A look back at the 2017 BETT: some discoveries

Our collaborator shares discoveries made during her visit to BETT, the global digital education fair which was recently held in London.

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Our collaborator shares today some of the discoveries she made during her visit to BETT, the global digital education fair which was recently held in London.

The BETT (British Educational Training and Technology Show), a global digital education fair, was held in London from January 25 to 28. This event brought together in four days more than 800 exhibitors, 528 speakers, a number of workshops and 34,500 visitors from 138 countries!

Yesterday i shared general trends that I observed there. Here are some discoveries that caught my attention.


The STEAM Village

STEAM Village (Photo : Ninon Louise Lepage)
STEAM Village (Photo: Ninon Louise Lepage)

Thirteen companies exhibited in the space called STEAM Village, including several international companies such as Microsoft, Raspberry Pi and Discovery Education, as well as various startups.

The disciplinary “silos” tending to disappear in education, interdisciplinary learning and collaborative work were encouraged during the workshops presented in this space. Programming and robotics, augmented reality, creation of video games, virtual reality and holograms found their place there.

We were also able to discover the new magazine (Bonjour Monde), dedicated to digital teachers in Great Britain, part of the first issue of which is devoted to the legacy of Seymour Papert, who died last summer. The father of the Logo language was a true visionary. The constructivist theory of education that he defended allows us to better understand how children learn. Applying his ideas on education, creative learning, is not always easy. He advocated project-based pedagogy, encouraged children's passion for a field of work, recognized the intrinsic value of teamwork and the importance of play. He summed up the “four Ps” as follows: projects, passion, peers and play.



Pi-top au BETT 2017. (Photo : Ninon Louise Lepage)
pi-top at BETT 2017 (Photo: Ninon Louise Lepage)

pi-top is the winner of the "Edtech Start Up Company of the Year" award at BETT 2017. It is the first do-it-yourself laptop. Building this laptop allows you to understand the basic architecture of the computer. There is a modular rail on which are connected additional modules that make your computer unique. You can replace your microprocessor at the release of a new model. Worksheets, available on the company website, guide the novice step by step to allow him to design complex computer programs and equipment.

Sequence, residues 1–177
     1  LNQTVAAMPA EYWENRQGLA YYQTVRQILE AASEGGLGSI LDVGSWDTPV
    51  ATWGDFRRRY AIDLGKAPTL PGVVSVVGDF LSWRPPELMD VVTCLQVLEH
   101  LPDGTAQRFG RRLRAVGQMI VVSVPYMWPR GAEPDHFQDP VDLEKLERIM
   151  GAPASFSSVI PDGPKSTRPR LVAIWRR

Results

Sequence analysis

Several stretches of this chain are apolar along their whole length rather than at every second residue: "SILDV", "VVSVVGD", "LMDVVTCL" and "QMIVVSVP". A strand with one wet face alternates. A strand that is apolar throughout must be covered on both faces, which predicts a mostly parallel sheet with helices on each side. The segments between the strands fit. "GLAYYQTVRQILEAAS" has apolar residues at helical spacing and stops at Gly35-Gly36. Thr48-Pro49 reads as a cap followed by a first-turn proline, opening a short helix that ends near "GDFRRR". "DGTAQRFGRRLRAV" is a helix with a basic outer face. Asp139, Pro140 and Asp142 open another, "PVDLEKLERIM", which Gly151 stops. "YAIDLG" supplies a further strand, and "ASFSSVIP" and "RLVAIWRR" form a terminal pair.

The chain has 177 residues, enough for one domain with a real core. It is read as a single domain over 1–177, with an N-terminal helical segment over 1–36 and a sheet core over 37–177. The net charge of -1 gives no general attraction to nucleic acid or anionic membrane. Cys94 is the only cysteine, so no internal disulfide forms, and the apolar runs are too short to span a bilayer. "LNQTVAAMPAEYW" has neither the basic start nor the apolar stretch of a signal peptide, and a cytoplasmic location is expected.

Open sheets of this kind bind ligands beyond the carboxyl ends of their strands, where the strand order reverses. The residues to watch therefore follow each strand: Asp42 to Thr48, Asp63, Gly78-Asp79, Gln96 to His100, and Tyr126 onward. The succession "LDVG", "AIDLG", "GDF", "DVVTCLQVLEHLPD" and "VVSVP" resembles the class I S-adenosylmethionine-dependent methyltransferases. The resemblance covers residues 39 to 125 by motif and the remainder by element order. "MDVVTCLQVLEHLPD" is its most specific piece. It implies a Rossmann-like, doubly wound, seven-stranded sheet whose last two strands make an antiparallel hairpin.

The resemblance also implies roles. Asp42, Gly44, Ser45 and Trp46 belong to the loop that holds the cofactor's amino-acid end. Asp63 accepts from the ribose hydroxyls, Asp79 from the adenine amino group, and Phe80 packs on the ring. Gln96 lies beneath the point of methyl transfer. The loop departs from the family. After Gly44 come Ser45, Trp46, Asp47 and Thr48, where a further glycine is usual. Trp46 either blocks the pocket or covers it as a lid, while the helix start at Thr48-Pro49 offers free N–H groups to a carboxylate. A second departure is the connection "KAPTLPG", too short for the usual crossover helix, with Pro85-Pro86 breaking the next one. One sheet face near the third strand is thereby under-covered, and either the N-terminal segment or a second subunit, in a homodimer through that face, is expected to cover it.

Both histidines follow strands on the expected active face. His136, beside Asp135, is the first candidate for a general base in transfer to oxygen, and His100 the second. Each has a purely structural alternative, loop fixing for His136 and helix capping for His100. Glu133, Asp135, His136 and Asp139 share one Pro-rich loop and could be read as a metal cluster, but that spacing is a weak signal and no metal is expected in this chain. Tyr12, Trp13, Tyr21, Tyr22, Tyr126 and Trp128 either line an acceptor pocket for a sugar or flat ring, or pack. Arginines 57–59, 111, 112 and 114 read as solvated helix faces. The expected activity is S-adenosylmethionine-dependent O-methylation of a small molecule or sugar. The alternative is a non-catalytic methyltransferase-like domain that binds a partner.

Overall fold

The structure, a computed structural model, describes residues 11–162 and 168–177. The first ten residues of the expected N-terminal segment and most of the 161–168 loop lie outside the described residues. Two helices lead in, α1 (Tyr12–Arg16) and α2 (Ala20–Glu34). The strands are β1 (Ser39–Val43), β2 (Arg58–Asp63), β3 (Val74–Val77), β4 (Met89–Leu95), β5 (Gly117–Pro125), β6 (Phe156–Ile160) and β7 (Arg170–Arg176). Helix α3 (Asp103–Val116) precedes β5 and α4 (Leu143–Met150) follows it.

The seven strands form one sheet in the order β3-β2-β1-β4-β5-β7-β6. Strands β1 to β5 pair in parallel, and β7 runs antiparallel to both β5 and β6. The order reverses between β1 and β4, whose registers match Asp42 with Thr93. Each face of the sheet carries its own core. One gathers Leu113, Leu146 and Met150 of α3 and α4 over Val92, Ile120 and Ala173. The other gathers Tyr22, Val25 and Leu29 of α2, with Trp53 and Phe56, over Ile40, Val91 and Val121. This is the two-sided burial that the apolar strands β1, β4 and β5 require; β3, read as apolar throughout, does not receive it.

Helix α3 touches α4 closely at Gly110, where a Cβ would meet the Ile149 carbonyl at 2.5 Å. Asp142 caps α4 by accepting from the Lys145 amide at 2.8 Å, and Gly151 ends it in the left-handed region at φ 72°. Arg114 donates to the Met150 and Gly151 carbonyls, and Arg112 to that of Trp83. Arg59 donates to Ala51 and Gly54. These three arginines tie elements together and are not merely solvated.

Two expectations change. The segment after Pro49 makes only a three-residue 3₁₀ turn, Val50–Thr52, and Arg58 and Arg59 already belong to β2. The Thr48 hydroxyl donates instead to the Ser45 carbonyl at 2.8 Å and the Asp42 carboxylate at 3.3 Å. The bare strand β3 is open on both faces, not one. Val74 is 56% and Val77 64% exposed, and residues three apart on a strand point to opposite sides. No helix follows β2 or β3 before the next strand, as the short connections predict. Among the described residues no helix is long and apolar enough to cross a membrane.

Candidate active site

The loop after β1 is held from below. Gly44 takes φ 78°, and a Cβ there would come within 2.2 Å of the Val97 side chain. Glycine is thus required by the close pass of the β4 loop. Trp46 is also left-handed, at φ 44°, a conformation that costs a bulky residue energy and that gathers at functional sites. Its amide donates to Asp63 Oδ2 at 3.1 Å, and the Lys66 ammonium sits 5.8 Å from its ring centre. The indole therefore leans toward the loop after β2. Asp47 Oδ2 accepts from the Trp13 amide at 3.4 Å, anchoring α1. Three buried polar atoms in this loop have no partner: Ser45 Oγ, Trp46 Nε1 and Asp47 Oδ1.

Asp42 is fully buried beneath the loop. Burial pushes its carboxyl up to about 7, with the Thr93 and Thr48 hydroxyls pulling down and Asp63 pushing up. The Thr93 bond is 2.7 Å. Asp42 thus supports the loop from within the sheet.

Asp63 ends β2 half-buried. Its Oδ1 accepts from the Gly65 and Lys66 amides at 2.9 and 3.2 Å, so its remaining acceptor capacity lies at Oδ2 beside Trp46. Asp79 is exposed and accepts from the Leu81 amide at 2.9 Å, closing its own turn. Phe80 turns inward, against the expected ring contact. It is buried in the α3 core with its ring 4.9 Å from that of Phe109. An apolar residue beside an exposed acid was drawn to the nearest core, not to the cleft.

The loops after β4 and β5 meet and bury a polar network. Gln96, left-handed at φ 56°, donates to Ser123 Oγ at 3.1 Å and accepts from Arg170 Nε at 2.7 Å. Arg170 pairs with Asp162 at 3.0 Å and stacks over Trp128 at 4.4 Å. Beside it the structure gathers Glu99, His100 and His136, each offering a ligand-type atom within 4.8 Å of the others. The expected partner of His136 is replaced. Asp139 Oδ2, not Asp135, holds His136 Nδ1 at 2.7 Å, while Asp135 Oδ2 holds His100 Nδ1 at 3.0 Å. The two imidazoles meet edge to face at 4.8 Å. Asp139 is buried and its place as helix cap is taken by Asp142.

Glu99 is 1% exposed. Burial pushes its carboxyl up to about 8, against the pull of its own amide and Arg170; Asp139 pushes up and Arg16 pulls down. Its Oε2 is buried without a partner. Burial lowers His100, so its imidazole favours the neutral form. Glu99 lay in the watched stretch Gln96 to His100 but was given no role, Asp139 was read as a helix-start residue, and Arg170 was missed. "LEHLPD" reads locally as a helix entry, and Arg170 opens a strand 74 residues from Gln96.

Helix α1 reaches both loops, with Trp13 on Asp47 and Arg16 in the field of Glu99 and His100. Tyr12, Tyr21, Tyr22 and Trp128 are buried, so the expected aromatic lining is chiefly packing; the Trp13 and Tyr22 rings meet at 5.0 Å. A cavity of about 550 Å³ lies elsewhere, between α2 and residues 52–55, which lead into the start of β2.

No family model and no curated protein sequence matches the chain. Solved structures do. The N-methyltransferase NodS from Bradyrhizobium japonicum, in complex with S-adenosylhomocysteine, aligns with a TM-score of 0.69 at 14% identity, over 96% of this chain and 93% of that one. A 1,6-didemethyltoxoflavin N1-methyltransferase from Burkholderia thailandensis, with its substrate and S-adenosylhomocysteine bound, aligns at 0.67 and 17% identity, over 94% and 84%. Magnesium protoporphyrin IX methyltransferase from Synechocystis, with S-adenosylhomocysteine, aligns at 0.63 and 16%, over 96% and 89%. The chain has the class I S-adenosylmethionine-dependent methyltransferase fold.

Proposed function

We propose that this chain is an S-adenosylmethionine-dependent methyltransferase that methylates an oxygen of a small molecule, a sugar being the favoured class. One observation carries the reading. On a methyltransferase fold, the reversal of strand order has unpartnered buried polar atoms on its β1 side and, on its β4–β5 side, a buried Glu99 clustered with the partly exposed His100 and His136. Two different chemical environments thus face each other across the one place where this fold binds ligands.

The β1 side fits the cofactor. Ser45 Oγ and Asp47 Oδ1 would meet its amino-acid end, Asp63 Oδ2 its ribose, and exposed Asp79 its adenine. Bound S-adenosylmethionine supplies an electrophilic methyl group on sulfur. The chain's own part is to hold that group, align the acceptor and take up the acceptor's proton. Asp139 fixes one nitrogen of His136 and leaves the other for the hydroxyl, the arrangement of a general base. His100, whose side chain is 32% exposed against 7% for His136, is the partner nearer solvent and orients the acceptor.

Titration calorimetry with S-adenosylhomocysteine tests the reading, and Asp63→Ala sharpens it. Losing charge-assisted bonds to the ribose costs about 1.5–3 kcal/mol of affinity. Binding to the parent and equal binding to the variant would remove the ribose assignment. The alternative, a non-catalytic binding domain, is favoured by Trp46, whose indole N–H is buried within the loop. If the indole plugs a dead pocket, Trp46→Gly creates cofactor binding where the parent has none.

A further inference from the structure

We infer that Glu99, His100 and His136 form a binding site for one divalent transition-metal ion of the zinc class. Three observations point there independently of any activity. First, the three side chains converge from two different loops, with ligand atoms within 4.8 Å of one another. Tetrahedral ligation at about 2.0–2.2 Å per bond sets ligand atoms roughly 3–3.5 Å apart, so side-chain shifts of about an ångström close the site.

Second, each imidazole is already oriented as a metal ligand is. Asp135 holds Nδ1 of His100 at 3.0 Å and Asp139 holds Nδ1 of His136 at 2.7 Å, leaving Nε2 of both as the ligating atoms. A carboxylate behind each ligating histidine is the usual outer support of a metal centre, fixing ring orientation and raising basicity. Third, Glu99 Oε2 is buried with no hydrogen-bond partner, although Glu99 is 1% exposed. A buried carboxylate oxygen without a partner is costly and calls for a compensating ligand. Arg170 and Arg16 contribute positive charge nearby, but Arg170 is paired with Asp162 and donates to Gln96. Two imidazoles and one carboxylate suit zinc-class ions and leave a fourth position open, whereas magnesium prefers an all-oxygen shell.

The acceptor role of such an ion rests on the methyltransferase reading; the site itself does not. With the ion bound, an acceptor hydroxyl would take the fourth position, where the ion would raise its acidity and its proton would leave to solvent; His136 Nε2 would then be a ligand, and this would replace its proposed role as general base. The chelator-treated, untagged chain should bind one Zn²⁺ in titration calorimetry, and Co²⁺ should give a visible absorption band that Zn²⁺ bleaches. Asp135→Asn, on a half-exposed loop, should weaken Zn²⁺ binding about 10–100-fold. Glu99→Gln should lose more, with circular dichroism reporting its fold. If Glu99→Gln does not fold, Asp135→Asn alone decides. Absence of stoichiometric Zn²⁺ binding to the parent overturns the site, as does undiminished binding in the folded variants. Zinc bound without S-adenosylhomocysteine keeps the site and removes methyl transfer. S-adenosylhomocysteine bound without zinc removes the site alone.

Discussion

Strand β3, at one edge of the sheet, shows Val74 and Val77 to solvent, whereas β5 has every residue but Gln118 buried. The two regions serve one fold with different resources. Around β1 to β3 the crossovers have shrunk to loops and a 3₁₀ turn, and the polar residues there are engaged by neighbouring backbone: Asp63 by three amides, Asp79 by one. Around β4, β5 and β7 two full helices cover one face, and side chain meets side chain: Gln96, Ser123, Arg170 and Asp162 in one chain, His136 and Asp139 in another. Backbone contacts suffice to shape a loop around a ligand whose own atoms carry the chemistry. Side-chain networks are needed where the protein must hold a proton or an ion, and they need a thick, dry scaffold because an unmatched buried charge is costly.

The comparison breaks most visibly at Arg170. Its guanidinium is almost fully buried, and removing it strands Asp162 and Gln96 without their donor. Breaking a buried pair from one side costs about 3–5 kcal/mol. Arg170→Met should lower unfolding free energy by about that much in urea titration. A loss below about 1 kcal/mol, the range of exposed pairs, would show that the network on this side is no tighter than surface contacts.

pi-top at BETT 2017 (Photo: Ninon Louise Lepage)


BBC micro: bit

Micro:Bit au BETT 2017. (Photo : Ninon Louise Lepage)
micro: bit at BETT 2017 (Photo: Ninon Louise Lepage)

Our BBC micro: bit is a programmable handheld computer featuring a motion sensor, 25 LED lights and using Bluetooth technology to interact with other digital devices and connect to the Internet. The BBC micro: bit allows you to create a thousand and one creations, ranging from robots to musical instruments. With the micro: bit, you can become a great inventor in no time! The device is the result of a partnership between ARM, Amazon, BBC, British Council, IET, Lancaster University, Microsoft, Nominet and Samsung. A BBC micro: bit is given to all grade 1 studentstime year of secondary school in Great Britain as part of the computer training program. For now, this little wonder is only available in Europe, but it will probably soon be possible to get it from your favorite computer hardware store ...



CBSecurepass is a system for controlling and managing access to the school for visitors. Its stand-alone touchscreen monitor stores visitor information in an encrypted database. The system takes the visitor's photo, notes the date and time of entry, and prints an ID card for the visitor to wear. In addition to this application, CBSecurepass can provide a complex traffic management system for visitors, students and staff.



By law, teachers and schools, just like doctors, are required to disclose cases of abuse to the Youth Protection Office. In this sense, safeguard is a digital application facilitating the transmission of files in these sad situations. Teachers can record their doubts and draw on a child's diagram the places where they see injuries or bruises. Over months or weeks, educators can accumulate the observations they need to know whether to intervene.


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Come back tomorrow for a report on a very popular conference, that of Sir Ken Robinson!


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About the Author

Ninon Louise Lepage
Ninon Louise Lepage
Ninon Louise LePage is a pedagogue and museologist who recently came out of premature retirement to be reborn as an educational designation. She has taught at the Université du Québec à Montréal and the Université de Sherbrooke in science education, in addition to working at the Canadian Heritage Information Network as a museology consultant. She also writes for our French friends at Ludomag. She also invites all interested to contact her so that she can talk about you, your students, your school and your particular experiences in digital and computer education.

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